Similarly, Frugal Queen (Froogs to her followers) focuses almost completely on providing positive lifestyle examples in terms of shopping (or not shopping), heating, cooking, holidaying, and frugal approaches to just plain fun.  Milkwood Farm is another example of focusing entirely on the positive aspects of sustainable living / lifestyles.  If you read those last two you would have no idea that climate change, peak oil, unrepayable national debt, or massive environmental impacts from our western standard of living were happening.

I do have to recognise, however, that Froogs probably isn’t totally sweetness and light.  She has a delightful “Disclaimer” on her home page that warns:

This is a blog and I have strong straight forward opinions. If you don’t like what you read then you are free to not do so. Comments are left at your own risk.

Go girl!  I think I’ll put something like that here, if I ever feel that I have enough readers that I can take the risk of alienating even one of them.

All three of these blogs have readerships to die for, with daily hits in the thousands and more.  I think I saw just the other day that Milkwood had more than 24,000 Facebook “likes”, though I can’t seem to find it now, so maybe it was another blog.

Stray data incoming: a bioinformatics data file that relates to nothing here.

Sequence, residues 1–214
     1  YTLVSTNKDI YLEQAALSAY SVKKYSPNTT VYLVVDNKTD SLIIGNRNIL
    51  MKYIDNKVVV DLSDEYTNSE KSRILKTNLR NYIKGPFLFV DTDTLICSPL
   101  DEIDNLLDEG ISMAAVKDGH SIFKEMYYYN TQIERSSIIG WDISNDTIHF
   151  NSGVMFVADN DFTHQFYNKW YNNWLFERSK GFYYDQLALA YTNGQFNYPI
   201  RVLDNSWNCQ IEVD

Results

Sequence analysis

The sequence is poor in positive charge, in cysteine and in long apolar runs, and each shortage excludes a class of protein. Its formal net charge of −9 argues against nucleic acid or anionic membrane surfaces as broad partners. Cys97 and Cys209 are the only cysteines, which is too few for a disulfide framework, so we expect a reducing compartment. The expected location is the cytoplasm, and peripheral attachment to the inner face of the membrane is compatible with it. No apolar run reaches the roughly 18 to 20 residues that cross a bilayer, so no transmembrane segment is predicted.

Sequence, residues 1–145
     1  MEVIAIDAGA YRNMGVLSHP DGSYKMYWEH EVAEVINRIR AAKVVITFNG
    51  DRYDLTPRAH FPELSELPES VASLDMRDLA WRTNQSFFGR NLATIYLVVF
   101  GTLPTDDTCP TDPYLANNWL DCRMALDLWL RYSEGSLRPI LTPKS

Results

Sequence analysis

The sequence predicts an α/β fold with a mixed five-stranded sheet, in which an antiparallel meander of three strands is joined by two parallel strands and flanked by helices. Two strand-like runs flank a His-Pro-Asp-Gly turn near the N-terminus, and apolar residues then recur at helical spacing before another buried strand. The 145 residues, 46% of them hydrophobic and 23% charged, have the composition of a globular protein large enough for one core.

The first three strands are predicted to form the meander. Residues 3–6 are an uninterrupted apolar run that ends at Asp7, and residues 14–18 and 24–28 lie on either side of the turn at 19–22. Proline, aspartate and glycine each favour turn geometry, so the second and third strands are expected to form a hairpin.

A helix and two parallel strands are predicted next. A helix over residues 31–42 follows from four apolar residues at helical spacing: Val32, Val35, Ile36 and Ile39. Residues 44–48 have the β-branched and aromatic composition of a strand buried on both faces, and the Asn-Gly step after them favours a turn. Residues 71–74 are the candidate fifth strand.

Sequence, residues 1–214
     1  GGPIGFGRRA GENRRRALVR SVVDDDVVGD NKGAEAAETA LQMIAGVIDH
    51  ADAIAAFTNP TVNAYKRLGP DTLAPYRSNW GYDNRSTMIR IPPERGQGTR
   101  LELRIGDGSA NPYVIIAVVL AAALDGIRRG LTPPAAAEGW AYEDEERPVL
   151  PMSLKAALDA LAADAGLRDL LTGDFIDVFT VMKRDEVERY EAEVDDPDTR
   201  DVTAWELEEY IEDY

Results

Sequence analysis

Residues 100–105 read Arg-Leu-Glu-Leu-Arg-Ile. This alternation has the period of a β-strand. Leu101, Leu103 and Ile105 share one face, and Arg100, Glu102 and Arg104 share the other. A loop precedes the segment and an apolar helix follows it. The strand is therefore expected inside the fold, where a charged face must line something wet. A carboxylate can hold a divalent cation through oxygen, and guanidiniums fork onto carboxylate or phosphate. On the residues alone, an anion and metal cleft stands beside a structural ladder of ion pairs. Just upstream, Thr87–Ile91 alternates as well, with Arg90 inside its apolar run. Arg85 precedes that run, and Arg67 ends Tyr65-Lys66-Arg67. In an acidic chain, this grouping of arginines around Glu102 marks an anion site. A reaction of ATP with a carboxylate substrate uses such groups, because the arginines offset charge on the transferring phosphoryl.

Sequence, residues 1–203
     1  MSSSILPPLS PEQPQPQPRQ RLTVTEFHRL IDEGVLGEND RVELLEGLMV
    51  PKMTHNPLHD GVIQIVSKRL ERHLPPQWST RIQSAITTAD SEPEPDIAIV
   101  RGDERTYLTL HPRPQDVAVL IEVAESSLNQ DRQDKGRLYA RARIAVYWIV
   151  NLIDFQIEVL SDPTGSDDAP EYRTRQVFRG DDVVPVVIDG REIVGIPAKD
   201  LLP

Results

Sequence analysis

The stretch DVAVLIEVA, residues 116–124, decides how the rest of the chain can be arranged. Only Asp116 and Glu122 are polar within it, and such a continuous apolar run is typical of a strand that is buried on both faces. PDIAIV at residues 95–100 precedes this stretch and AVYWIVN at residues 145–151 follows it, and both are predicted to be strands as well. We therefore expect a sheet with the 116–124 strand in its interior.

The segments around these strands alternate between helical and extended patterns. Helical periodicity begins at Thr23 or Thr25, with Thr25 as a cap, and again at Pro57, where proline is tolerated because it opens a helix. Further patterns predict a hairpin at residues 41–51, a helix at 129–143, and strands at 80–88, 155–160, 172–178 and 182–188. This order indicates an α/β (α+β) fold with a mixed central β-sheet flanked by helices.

Don’t get me wrong.  I’m not criticising these bloggers for their focus on the positive.  They write very interesting and useful blogs on many different topics – not only that, they are enjoyable to read – and make a very important and large-scale contribution to supporting those who are trying to, or thinking about, living sustainably.

But, and its a bloody big “BUT”, the reality is that there are a lot of government policies that are just plain antithetical to any hope of sustainability.  In addition, there are a lot of aspects of our system of government that are misguided, bad, or simply broken, and these significantly reduce all our chances of collectively living sustainable lifestyles.  And the average western lifestyle is going to destroy the chances of others in the world, or in the future, from having even a reasonable standard of living.  These and other factors that are taking us on the road to economic, social and environmental disaster have to be called for what they are, otherwise my (and your) individual attempts at living our lives sustainably count for nothing in the grand scheme of things – though they do make a significant contribution to keeping me from becoming hopelessly depressed about the state of the world.

So, expect to see some negative stuff here occasionally, from time to time.  If you don’t want to hear that climate change is really happening, or that some governments are deliberately white-anting international attempts at doing something to counteract it, then you might want to find another blog to read.

By the way, the other major factor in generating high readership levels is having a frequent and constant flow of new posts.  Froogs posts on average every day, Gavin is not far behind, and Milkwood Farm seem to be making a strong effort lately to post at least once every day.  On that basis I probably won’t ever have their numbers of readers.